george koller on sun 23 feb 03
first, thanks for help with the uv question! the bid
is now off. the fellow that is handling the bids works
with inks that are not really long term uv stable. it is
a huge tile project. all this got me thinking again about
the rightful place in this world for this mechanical gizmo
i've been working on - and i'm more convinced than ever
that software will have a big role in working with ancient
materials on their own terms.
i haven't been keeping you folks up to date because my
most recent 2 months of work has been in the software
again, and not many will relate to that. but the last thing
that happened in the michigan studio back in december
was i got a pretty nice small load of decorated stoneware
pieces (from my brand new itc'd up 1972 kiln). i've been
sharing around pictures with a few of you.
our machine just does two things. but it is getting much
smarter by way of the software that directs the tools about.
the machine does the kurt wild process using off the shelf
tools. the first thing it does is to scratch around shapes
same as kurt does with his sharp dental tool. only we use
a dental drill. this exposes the claybody and makes a
barrier to the colorants.
the other thing the machine does is spit out soluble
salt solutions through a electronic nozzle. these nozzles
keep getting better and cheaper and we only use one.
this nozzle is moved around in a way something like you
would use a lawnmower to cut and trim a golf course.
the latest thing i added to my software has been the ability
to adjust the flow so i can keep the nozzle as far away from
the edge as possible. doing this also maximizes the flow
at the nozzle, and another result is that it is now about 9
times faster at dispensing than it was when we just used
the smallest flow rate needed for good edge work. now that
i look back that was like cutting the golf course with a weed
wacker. our machine that is designed for routing out wood
now dances about with its little vitamin sized nozzle and
can decorate about two to four square feet per hour.
i'll argue all day long, and deep into the night if you let me ,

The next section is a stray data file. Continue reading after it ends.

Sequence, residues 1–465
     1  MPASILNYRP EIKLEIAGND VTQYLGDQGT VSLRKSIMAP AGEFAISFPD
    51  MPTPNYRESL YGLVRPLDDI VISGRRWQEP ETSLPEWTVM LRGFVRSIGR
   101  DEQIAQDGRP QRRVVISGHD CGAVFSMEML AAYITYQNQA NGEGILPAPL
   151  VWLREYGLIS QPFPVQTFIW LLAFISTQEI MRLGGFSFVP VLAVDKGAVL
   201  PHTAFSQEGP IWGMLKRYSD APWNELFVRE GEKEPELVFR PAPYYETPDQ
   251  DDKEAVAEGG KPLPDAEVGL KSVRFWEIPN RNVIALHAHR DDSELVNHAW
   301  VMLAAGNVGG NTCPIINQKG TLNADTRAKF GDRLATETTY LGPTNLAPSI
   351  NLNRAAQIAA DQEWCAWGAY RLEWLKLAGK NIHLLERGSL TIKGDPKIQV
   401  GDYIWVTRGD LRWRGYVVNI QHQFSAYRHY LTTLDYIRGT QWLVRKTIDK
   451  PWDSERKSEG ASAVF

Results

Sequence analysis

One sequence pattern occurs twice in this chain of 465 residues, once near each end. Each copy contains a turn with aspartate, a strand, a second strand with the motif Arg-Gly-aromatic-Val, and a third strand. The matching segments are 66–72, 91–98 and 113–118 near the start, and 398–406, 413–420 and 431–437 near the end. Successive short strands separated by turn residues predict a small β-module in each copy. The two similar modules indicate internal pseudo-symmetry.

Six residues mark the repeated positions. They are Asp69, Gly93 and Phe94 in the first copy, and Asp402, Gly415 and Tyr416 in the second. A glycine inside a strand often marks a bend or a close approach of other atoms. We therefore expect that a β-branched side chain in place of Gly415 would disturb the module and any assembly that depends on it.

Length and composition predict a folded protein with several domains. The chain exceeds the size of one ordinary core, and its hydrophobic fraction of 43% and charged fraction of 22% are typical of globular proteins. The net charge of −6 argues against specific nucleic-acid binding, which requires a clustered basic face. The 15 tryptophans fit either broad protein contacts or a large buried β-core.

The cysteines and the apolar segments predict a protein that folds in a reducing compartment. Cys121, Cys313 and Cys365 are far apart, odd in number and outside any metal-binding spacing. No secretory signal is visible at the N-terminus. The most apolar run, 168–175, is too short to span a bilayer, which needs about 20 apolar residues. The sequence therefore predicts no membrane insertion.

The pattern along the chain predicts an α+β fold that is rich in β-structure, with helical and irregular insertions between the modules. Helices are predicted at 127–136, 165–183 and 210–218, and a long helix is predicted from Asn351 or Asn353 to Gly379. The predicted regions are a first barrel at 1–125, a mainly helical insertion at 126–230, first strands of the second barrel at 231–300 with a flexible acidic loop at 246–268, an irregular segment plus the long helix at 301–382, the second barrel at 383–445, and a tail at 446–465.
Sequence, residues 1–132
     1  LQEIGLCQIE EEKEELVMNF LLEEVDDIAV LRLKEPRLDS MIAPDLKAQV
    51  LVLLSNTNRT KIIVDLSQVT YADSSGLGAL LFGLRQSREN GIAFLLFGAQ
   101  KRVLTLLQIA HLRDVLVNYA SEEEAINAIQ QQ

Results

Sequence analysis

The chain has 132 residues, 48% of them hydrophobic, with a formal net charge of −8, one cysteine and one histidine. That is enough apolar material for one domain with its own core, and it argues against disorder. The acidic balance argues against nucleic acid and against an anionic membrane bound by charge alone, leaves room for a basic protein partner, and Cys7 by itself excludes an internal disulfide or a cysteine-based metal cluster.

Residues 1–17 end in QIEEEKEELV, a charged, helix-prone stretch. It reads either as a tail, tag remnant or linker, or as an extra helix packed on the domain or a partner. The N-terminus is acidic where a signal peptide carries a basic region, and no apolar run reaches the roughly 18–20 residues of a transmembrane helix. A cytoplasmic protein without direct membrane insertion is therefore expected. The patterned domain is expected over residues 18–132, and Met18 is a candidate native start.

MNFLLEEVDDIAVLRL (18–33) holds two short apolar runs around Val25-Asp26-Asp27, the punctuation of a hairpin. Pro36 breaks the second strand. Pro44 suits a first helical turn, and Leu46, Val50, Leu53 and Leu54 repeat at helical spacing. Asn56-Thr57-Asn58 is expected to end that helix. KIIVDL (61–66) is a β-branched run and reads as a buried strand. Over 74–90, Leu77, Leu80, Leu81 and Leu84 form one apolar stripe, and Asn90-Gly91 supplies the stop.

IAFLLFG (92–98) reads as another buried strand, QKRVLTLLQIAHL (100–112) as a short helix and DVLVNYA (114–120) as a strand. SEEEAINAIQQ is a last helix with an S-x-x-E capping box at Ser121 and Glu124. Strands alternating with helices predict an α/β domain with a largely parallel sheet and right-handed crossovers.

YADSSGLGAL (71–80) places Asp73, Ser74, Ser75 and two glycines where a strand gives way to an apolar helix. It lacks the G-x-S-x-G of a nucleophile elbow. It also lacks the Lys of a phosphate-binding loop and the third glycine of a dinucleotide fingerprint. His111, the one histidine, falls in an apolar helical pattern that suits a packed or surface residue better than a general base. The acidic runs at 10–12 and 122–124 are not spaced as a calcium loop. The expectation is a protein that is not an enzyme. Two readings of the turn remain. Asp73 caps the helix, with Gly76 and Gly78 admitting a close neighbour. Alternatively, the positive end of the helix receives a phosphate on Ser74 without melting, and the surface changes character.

that this combination hardware and software makes a lot of
sense for doing some types of projects :
artistically the materials we use seem to me to be true to
the nature of clay and the spirit of pottery. there is a large
variety of possibilities all the way from factory made
perfectly regular tiles to irregular handmade shapes. thick
or thin, low or high fired - it doesn't matter. and the surface
has hardly been scratched for what can be done. i use Kurt's'
idea of iron clay to get freckling into the glaze from the claybody.
economically there is no wasted material. none, even i think
a pretty good savings compared to mixing the colorants direct
into the glazes. sulfates like copper are not only very interesting
but they don't cost much more than a $ per gallon. of course
cobalt & chromium sulfates cost more but not much more than
pennies per square foot because they go so far. to run costs
nothing more than compressed air, electricity, and the metal
we made one of these machines for work at alfred university last
year and it took months and was a real in the butt. i keep the cost
of future machines with every decision and we keep coming up with
ways to control costs in the future. also i have people i've been
working with that would love to start making a few of these machines.
it only makes sense to me to do this first with people that are interested
in working with us to advance the process.
the only way i can see proceeding with anybody interested would be
to invite them up to the northport studio to see first hand what it like
working with one of these beastys. don't ask me for "the brochure".
this is still pioneering work - so if you think you'd rather wait to buy
one at walmart then you are welcome to wait.
nothing like pioneering work to take the "ho hum" out of things.
sturgeon bay, wi - door county
& northport, mi
i'm reading the new book out by annie proulx ("that old ace in the hole")that
gets into what life was like in the panhandle area of texas. some good
cowboy stories and humor - like how the old cowboys would put a crowbar
out a hole in their shed to test if it was "serious windy". those were real